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change conservation was at its peak during the Obama Administration. The United Nations came together for the Paris Accords, a multinational agreement to reduce the damage that had built over the years from man-made destruction. But now, with the actions of the Trump Administration, all the progress has been halted by leaving the Paris Accords and assigning an Environmental Protection Agency (EPA) Administrator that gutted the agency and let loose the reigns for the fuel industry to tear into unchecked regulations.
I suppose it is up to the students to save themselves from the problems caused by generations prior. But what will future generations say of what we did now to protect our world? In our own backyard, we see a disregard for nature as we inch forward into the Everglades through construction and farming. Miami-Dade County reviews its development every seven years. The Comprehensive Development Master Plan (CDMP) is reviewed and updated through a process known as The Evaluation and Appraisal Report (EAR). In
general, the cycle has arrived under strained political tension. The debate, this time around, lies in whether or not to expand the Urban Development Boundary. The UDB is an invisible line running along the south and western areas of the county buffered by agricultural lands. The agricultural area separates densely packed urban development from the Everglades—the main source of water for 8 million Floridians. There is cause for concern due to support for an extension of the Dolphin Expressway through the UDB that would ease traffic concerns, but would also be tempting for even more development surrounding the Kendall area. According to the Florida Museum of Natural History, urban development, industry and agriculture pressures have destroyed more than half of the original Everglades. Ever-increasing population and industry growth in South Florida has resulted in large metropolitan areas and rising pressures on surrounding natural environments. The Everglades has always been under threat by human consumption and encroachment. The battle between the conservation of the Everglades and human development is a microcosm of what is currently taking place on an international scale. The result of how this situation is handled here will have an immense impact on what is done globally.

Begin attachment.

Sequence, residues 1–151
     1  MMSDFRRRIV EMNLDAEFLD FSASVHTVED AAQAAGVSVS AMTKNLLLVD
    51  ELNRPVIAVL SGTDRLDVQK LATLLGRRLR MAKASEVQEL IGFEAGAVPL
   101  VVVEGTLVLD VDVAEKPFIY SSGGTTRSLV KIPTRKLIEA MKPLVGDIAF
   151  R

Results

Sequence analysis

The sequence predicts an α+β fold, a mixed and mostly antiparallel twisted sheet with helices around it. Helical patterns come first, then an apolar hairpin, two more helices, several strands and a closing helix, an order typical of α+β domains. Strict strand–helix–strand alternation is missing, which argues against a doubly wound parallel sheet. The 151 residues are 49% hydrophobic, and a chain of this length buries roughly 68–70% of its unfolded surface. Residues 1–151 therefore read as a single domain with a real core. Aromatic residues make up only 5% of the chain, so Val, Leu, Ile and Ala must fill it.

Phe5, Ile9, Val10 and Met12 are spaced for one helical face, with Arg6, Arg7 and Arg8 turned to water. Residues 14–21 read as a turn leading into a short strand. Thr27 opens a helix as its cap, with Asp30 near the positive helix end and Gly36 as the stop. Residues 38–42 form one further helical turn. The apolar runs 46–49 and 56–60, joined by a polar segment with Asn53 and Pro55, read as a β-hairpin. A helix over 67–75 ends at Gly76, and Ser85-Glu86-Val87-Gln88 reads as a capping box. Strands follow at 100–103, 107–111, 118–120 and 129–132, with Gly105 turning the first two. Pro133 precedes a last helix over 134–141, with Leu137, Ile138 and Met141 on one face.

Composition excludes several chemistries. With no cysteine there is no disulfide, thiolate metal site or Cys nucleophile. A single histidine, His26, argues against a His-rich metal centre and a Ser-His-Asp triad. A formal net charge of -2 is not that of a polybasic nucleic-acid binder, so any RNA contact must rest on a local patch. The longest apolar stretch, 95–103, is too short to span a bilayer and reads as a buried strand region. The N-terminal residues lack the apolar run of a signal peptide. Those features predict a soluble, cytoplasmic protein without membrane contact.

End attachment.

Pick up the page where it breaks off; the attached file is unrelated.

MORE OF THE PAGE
Why Adam Putnam Should Be Florida’s Next Governor Ethan Suquet discusses how Florida’s Commissioner of Agriculture Adam Putnam should be voted in as the state’s next governor to keep a pattern of conservative leaders which can benefit Florida.
By Ethan Suquet firstname.lastname@example.org Since early May, Florida’s Commissioner of Agriculture has been running a campaign to keep the state under consistent conservative leadership which has
historically overseen the creation of 1.3 million Floridian jobs under Governor Jeb Bush and one million under Governor Rick Scott. Adam Putnam knows how to continue this rapid job growth which this past year was nearly double the national average. The reason he understands job creation so well is that as a young citrus farmer he was a job creator. Putnam brought this knowledge to the Florida House at 22-yearsold and at 26-years-old he was the youngest member of Congress. He took his experience as a job creator all the way to Washington D.C. He has an impressive voting record which emphasized his commitment to free markets, strong families and an active military and also showed the nation that he stood on principle rather than party by asking an attorney general from his party to resign after acting in ways inconsistent with the Constitution. Time and time again, Putnam
has shown a commitment to a robust and prosperous Florida. Unlike most politicians that have to run away from their record, Putnam can run on his record which is an important distinction. As Commissioner of Agriculture, Putnam has pushed a proveteran, pro-second amendment agenda through the expansion of access to concealed carry licenses and through Operation Outdoor Freedom, which has allowed many veterans hunting and fishing opportunities in Florida. As Governor, Putnam would be committed to protecting these freedoms as he has always done. Students at Miami Dade College, even ones that are not veterans or gun enthusiasts, would benefit under a Putnam administration because he is so committed to lowering taxes. Many of you may become parents soon and can benefit from his governorship. Putnam believes in the voucher system because every parent
should have a choice and every child should have a chance. “Florida can be more than the prize for a life well-lived somewhere else. I believe Florida can be the launch pad for the American Dream. So it’s critical that we provide our students in K-12, college and training programs the tools they need to succeed, to compete in this increasingly global economy and win,” said the Putnam campaign when reached out for a statement. When I spoke to Putman on the phone, he said that he is committed to making sure that the dual enrollment program is not only there for high schoolers that want a liberal arts education, but also for those that want to pursue technical education, so that they too can thrive when they go directly from high school into the workforce. Overall, Putnam has a record that Florida can be proud of. A vote for Putnam is a vote to put Florida first.
To write for the forum section, contact Katherine Wallace-Fernandez at (305) 237-2715 or email@example.com